Conserving Aquaculture to safeguard Food Security in Madagascar

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Fish is the preferred source of protein for close to 400 million people in Africa alone. While the Food and Agriculture Organization (FAO) forecasts an increase in the world’s fish consumption by about 19 per cent, representing 29 million tonnes by 2026 compared with the base period (average 2014-2016), it predicts a declining intake in Africa, whe

In Madagascar, aquaculture occupies a significant place. Despite poorly recorded statistics, available data suggest that fisheries account for around 3% of Madagascar’s GDP, with other studies suggesting that underreporting on fish is as much as 500%, over the past five decades. Over the years, aquaculture has grown the country’s economy and played a significant part in improving the income of smallholder fish farmers and making fish available on local markets. It has also created job opportunities with conservative figures indicating over 100,000 people employed.

Ramahefalala Ravo Sedera, a native Malagasy, believes that he has an integral role to play in the conservation of aquaculture for the sake of future generations. For the last ten years, Ravo has been working with the Madagascar Fisheries Monitoring Centre, a government agency tasked with monitoring, control and surveillance of fishing activities in the country’s jurisdiction. He oversees the on-boarding process of fishery observers aboard all fishing vessels operating in the Malagasy waters. Ravo was promoted to this role after graduating with a Masters in Maritime Policy from the University of Wollongong, New South Wales, in 2016 and returning to his home country.

Armed with new knowledge, Ravo went back to Madagascar ready to contribute to sustainable development in his field of work. He was moved by how small-holder fishing communities used destructive industrial fishing vessels and employed unsustainable practices thus undermining the vulnerable ecosystems on which the country heavily relies on for foreign exchange.

Before 2016, the fisheries industry in Madagascar was governed by a plethora of decrees and orders, leading to a significant decline in the number of investors and fishers investing in the industry. However, nine years of intense deliberations and hard work culminated in the enactment of new legislation – Fisheries Act 2016. This law became the primary instrument that regulates how the fisheries industry operated in the country and symbolised new dawn for aquaculture in the country.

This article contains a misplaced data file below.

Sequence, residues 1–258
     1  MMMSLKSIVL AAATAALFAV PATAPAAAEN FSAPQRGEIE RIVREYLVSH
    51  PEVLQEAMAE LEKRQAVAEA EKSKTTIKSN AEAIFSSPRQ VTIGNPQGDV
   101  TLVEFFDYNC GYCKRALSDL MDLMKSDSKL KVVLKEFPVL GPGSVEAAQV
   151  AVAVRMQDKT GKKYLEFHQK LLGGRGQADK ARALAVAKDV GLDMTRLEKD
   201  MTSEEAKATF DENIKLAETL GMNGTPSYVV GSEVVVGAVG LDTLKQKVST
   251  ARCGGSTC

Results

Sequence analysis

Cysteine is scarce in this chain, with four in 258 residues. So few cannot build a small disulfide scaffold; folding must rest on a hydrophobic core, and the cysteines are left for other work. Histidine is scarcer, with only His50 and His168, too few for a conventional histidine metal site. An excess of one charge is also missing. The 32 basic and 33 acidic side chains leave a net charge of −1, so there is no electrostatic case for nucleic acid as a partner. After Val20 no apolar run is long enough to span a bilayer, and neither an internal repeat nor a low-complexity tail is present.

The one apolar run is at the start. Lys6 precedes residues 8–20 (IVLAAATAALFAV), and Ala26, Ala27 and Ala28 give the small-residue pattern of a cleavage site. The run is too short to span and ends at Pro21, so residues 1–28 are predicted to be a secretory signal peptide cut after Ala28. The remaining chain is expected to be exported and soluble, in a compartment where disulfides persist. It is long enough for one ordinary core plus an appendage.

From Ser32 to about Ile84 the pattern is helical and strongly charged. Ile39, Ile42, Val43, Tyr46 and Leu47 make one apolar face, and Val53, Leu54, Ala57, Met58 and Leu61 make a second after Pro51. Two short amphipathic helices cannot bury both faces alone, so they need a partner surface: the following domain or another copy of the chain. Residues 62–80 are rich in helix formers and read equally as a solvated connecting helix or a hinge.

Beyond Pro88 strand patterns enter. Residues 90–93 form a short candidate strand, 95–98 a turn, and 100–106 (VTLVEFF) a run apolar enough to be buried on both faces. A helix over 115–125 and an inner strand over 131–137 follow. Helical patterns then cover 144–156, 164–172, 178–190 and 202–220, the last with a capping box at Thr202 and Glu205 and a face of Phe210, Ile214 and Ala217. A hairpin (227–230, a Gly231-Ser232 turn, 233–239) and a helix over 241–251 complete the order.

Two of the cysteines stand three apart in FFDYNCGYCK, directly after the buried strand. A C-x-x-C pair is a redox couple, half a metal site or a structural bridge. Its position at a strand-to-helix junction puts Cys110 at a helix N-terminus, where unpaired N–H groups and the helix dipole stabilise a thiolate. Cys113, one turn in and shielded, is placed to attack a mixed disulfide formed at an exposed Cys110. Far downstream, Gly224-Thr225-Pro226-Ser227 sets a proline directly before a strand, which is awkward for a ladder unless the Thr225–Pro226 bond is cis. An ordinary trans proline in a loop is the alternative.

As a result of his award-gained training, his review of laws from other jurisdictions, and his experience from working at the Australian National Centre for Ocean Resources, Ravo has gained an additional leadership responsibility. He is currently leading a team that is reviewing the country’s Fisheries law. Together with his team, they are working to ensure that the enacted legislation is harmonised with international code and practise.

Ravo asserts, ‘Our challenge was to offer a regulated playing field which would boost national and foreign investment in fisheries, and in turn contribute to the country`s development.’ As a result, the Fisheries Act 2016, which guarantees food security by emphasising the need to preserve fish as a natural resource, needs to be aligned with accepted international rules and practices, bearing substantial economic benefits for the country. It will also attract investors to finance business in Madagascar, and at the same time, combat illegal fishing while guaranteeing the greater sustainability of our resource,” he says.

In addition to developing a regulatory environment that is conducive to safeguarding aquaculture in Madagascar, there is need to increase awareness on the vital part that oceans and inland waters play in providing food and nutrition security as well as employment for current and future generations. This awareness raising will enhance the opportunities for aquaculture to grow significantly, improve smallholder fish farmers income and avail fish for local markets.